This review discusses the processes of DNA-damage-response and DNA-damage repair in stem and progenitor cells of several tissues. The long life-span of stem cells suggests that they may respond differently to DNA damage than their downstream progeny and, indeed, studies have begun to elucidate the unique stem cell response mechanisms to DNA damage. Because the DNA damage responses in stem cells and progenitor cells are distinctly different, stem and progenitor cells should be considered as two different entities from this point of view. Hematopoietic and mammary stem cells display a unique DNA-damage response, which involves active inhibition of apoptosis, entry into the cell-cycle, symmetric division, partial DNA repair and maintenance of self-renewal. Each of these biological events depends on the up-regulation of the cell-cycle inhibitor p21. Moreover, inhibition of apoptosis and symmetric stem cell division are the consequence of the down-regulation of the tumor suppressor p53, as a direct result of p21 up-regulation. A deeper understanding of these processes is required before these findings can be translated into human anti-aging and anti-cancer therapies. One needs to clarify and dissect the pathways that control p21 regulation in normal and cancer stem cells and define (a) how p21 blocks p53 functions in stem cells and (b) how p21 promotes DNA repair in stem cells. Is this effect dependent on p21s ability to inhibit p53? Such molecular knowledge may pave the way to methods for maintaining short-term tissue reconstitution while retaining long-term cellular and genomic integrity.

  19. Adult stem-like cells in kidney

    Institute of Scientific and Technical Information of China (English)

    Keiichi Hishikawa; Osamu Takase; Masahiro Yoshikawa; Taro Tsujimura; Masaomi Nangaku; Tsuyoshi Takato

    2015-01-01

    Human pluripotent cells are promising for treatmentfor kidney diseases, but the protocols for derivationof kidney cell types are still controversial. Kidneytissue regeneration is well confirmed in several lowervertebrates such as fish, and the repair of nephronsafter tubular damages is commonly observed after renalinjury. Even in adult mammal kidney, renal progenitorcell or system is reportedly presents suggesting thatadult stem-like cells in kidney can be practical clinicaltargets for kidney diseases. However, it is still unclearif kidney stem cells or stem-like cells exist or not. Ingeneral, stemness is defined by several factors suchas self-renewal capacity, multi-lineage potency andcharacteristic gene expression profiles. The definiteuse of stemness may be obstacle to understand kidneyregeneration, and here we describe the recent broadfindings of kidney regeneration and the cells thatcontribute regeneration.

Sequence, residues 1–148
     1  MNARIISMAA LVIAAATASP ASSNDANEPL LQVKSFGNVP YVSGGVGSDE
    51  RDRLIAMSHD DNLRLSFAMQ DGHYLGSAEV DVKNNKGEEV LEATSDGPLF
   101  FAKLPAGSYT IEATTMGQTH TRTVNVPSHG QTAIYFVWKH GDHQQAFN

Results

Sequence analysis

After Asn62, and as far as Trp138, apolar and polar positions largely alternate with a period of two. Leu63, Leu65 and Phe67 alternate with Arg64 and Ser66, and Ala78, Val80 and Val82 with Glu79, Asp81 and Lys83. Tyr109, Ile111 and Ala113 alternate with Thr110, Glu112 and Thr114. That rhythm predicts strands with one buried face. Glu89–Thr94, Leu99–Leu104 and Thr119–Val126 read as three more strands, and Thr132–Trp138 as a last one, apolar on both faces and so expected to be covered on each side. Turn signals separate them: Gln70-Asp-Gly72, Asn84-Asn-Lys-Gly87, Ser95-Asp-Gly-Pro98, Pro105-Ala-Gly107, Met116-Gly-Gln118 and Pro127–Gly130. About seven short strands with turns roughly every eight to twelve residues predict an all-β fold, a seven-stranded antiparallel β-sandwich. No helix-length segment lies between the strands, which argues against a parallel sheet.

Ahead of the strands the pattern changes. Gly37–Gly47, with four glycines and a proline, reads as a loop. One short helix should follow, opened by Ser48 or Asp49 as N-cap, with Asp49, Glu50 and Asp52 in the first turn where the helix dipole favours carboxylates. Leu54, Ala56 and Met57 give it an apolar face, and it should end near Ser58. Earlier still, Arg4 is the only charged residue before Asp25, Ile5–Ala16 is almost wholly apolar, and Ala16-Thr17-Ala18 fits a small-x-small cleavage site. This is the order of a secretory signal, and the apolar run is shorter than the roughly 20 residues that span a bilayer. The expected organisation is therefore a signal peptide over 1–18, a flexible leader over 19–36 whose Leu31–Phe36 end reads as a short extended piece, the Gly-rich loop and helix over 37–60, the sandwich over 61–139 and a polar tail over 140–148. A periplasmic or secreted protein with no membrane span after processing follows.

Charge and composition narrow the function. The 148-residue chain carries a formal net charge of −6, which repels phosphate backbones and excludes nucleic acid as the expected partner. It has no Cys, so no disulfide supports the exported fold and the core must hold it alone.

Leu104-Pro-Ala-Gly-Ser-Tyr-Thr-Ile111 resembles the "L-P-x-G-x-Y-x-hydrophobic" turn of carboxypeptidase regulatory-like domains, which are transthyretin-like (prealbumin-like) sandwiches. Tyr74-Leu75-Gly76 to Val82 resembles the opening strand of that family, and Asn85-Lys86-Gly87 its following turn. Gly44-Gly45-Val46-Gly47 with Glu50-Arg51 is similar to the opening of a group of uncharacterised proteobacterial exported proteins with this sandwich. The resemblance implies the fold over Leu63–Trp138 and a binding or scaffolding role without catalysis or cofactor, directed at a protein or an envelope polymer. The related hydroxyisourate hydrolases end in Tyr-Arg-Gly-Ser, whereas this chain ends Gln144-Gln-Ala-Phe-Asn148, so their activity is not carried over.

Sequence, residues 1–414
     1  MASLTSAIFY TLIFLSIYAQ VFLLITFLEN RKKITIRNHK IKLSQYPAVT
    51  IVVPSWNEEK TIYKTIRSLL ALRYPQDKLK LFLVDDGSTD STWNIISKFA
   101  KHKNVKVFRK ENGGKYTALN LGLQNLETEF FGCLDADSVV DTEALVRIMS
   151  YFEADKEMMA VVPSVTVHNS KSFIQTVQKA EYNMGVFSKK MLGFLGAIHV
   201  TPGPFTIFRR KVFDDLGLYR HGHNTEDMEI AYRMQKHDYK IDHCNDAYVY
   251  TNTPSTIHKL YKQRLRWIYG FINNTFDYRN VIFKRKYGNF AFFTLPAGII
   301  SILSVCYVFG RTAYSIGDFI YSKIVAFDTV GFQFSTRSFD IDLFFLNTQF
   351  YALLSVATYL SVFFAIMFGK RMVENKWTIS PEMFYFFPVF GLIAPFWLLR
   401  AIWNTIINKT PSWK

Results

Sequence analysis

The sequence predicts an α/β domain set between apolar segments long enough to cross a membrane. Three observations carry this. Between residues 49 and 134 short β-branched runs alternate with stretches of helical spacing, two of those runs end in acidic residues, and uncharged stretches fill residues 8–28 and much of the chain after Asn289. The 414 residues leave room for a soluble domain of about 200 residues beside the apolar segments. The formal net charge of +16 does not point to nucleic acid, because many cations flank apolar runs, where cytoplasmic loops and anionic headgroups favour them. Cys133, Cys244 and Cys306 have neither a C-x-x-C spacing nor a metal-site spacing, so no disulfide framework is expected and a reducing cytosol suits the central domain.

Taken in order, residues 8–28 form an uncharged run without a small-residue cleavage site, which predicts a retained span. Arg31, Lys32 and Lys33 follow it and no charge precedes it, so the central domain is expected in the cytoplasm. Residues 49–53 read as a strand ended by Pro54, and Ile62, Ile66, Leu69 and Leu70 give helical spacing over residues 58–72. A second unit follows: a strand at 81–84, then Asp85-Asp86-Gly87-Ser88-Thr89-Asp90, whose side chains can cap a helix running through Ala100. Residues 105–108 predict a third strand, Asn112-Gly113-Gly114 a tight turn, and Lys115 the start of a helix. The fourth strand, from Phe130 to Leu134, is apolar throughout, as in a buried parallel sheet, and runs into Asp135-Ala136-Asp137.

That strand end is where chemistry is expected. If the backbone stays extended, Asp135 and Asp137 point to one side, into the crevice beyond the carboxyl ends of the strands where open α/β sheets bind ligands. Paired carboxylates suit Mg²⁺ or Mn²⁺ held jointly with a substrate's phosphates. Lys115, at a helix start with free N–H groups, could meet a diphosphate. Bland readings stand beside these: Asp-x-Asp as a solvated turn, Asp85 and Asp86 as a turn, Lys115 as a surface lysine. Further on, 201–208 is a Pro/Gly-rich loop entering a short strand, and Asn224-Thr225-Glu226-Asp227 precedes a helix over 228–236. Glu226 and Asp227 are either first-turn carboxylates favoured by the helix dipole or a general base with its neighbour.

20. The potential application of stem cell in dentistry

    Directory of Open Access Journals (Sweden)

    Ketut Suardita

    2006-12-01

    Full Text Available Stem cells are generally defined as cells that have the capacity to self-renewal and differentiate to specialize cell. There are two kinds of stem cell, embryonic stem cell and adult stem cells. Stem cell therapy has been used to treat diseases including Parkinson’s and Alzheimer’s diseases, spinal cord injury, stroke, burns, heart diseases, diabetes, osteoarthritis, and rheumatoid arthritis. Stem cells were found in dental pulp, periodontal ligament, and alveolar bone marrow. Because of their potential in medical therapy, stem cells were used to regenerate lost or damage teeth and periodontal structures. This article discusses the potential application of stem cells for dental field.

  1. Signaling involved in stem cell reprogramming and differentiation

    Institute of Scientific and Technical Information of China (English)

    Shihori; Tanabe

    2015-01-01

    Stem cell differentiation is regulated by multiple signaling events. Recent technical advances have reve-aled that differentiated cells can be reprogrammed into stem cells. The signals involved in stem cell pro-gramming are of major interest in stem cell research. The signaling mechanisms involved in regulating stem cell reprogramming and differentiation are the subject of intense study in the field of life sciences. In this review,the molecular interactions and signaling pathways related to stem cell differentiation are discussed.

  2. Three-dimensional approach to stem cell therapy.

    OpenAIRE

    Oh, Il-Hoan; Kim, Dong-Wook

    2002-01-01

    Recent progress in stem cell research is opening a new hope for cell therapy in regenerative medicine. Two breakthroughs were made in the stem cell era, one, new discoveries in multi-potentiality of adult stem cells beyond the traditionally appreciated extent, and the other, establishment of pluripotent stem cell from human embryo. In addition to the newly identified multi-potentiality of adult stem cells, their ability to be trans-differentiated toward other tissue types (stem cell plasticit...

  3. Clonogenicity: holoclones and meroclones contain stem cells.

    Science.gov (United States)

    Beaver, Charlotte M; Ahmed, Aamir; Masters, John R

    2014-01-01